The UK artist Tacita Dean is related to Esther and Alfred Sutro, who acquired Vincent van Gogh’s Interior of a Restaurant in 1896. Dean’s great-grandmother was the sister of Esther Sutro, who with her husband Alfred, were among the first British collectors to buy a Van Gogh work. The Dutchman, who had died only six years earlier, was then virtually unknown in the UK.
A Royal Academician and Turner Prize nominee, Dean regards Van Gogh as “a very emotionally expressive painter and a great colourist”. She says she would love to set eyes on the painting that had once been in the family.
The Sutro couple bought the vibrant Interior of a Restaurant when they were living in Paris. They acquired it from the avant-garde dealer Ambroise Vollard, paying 300 francs (£12).
Esther Isaacs was an artist and was studying in Paris. In 1894 she married Alfred Sutro, then a young playwright, and they remained in the French capital for some years.
The Sutros bought Van Gogh’s Interior of a Restaurant, painted in Paris in 1887, on the advice of Edouard Vuillard, an artist friend. Vuillard painted domestic interior scenes, which may explain why the Van Gogh had caught his eye.
Vuillard told the Sutros, who admired his own work, that they “might like Van Gogh too”. Alfred later recalled: “It was a picture of chairs and tables in a café… intensely, curiously, amazingly attractive. My wife—a painter herself—loved it.”
Interior of a Restaurant depicts a working-class establishment, with long rows of tables. Although there are numerous customers at the back, attended by three waitresses, the foreground tables have not yet filled up. All that is there is a series of bottles and carafes, along with a single place setting.
The painting probably depicts the restaurant owned by the chef Etienne-Lucien Martin, whose establishment Van Gogh patronised in Avenue de Clichy, at the bottom of Montmartre. Martin may well be the man seated in the middle of the scene, with a large white napkin. Van Gogh once held a small “exhibition” there and it could be his paintings which appear in the background of Interior of a Restaurant.
In 1923 Esther Sutro published an article on Van Gogh in the Daily Herald. She wrote: “It may be years before his art is fully recognised, but the incontestable fact remains that Van Gogh was a great painter, and, in his own way, one of the greatest innovators in paint that the last century produced."
By 1932, in his memoirs, Alfred Sutro admitted that their early acquisition had now become valuable: “Poor Van Gogh, in his lifetime, could never sell a picture for more than a pound or two.”
Interior of a Restaurant was, by this time, hanging in the comfortable home of the Sutros in London’s Chester Terrace, facing Regent’s Park. A friend, writing about Esther in the early 1930s, reported that “the lady finds the picture more to her liking than a lot of cash at the bank”. Tacita Dean’s late father Joseph recalled seeing it there.
The Sutros kept Interior of a Restaurant until Esther’s death in 1934. She died without making a will and her sister Florence Van Gruisen sold the painting, since the estate needed to be divided among siblings. Dean believes that it went for £2,500. The picture was bought by Murray Danforth who was from Providence, Rhode Island.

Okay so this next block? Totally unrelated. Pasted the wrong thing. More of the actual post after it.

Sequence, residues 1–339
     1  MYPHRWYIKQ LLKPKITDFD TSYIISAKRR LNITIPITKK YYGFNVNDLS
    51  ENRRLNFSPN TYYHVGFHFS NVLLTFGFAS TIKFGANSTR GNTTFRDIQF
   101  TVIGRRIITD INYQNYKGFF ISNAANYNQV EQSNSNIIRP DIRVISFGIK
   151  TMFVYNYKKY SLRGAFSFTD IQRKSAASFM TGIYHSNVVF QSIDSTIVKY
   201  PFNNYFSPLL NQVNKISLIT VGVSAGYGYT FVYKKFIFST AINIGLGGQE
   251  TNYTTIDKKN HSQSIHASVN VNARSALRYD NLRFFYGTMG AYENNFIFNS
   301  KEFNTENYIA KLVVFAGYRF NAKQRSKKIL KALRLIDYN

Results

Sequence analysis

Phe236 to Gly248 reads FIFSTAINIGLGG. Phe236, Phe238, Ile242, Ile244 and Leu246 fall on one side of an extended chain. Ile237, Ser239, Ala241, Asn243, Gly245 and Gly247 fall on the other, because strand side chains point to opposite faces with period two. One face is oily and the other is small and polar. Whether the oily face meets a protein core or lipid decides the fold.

Interior of a Restaurant was eventually sold in 1996 at Sotheby’s, where it fetched $10.3m, a very large sum at the time. It was bought by the London dealer Simon Dickinson, and Dean thinks that it then went to a Dallas buyer. Her inquiries have led her to believe that it is with a very secretive collector. Dean would love to be able to set eyes on the painting, which has not been publicly exhibited since 1990.
Probably inspired by Alfred’s early acquisition, his elder brother Leopold Sutro, a wealthy trader known as the Rubber King, also bought a Van Gogh, many decades later. In 1928 he acquired Square Saint-Pierre Paris (1887), which was sold just after his death in 1943. This painting is now at Yale University Art Gallery.
In other Van Gogh news
• From today the Van Gogh Museum in Amsterdam will be closed, with a tentative reopening date of 1 April, because of the coronavirus crisis. This follows a Dutch government ban on venues opening where more than 100 people gather, which includes museums. Otterlo's Kröller-Müller Museum, which has the world’s second greatest Van Gogh collection, has followed suit. In the US, the Metropolitan Museum of Art in New York is closed from today, for an undetermined period. The National Gallery of Art in Washington, DC will close from tomorrow, with a tentative reopening date of 4 April. Both American museums have important groups of Van Goghs.
Martin Bailey is a leading Van Gogh specialist and investigative reporter for The Art Newspaper. Bailey has curated Van Gogh exhibitions at the Barbican Art Gallery and Compton Verney/National Gallery of Scotland. He was a co-curator of Tate Britain’s The EY Exhibition: Van Gogh and Britain (27 March-11 August 2019). He has written a number of bestselling books, including The Sunflowers Are Mine: The Story of Van Gogh's Masterpiece (Frances Lincoln 2013, available in the UK and US), Studio of the South: Van Gogh in Provence (Frances Lincoln 2016, available in the UK and US) and Starry Night: Van Gogh at the Asylum (White Lion Publishing 2018, available in the UK and US). His latest book is Living with Vincent van Gogh: The Homes & Landscapes that Shaped the Artist (White Lion Publishing 2019, available in the UK and US).
• To contact Martin Bailey, please email: email@example.com
Read more from Martin's Adventures with Van Gogh blog here.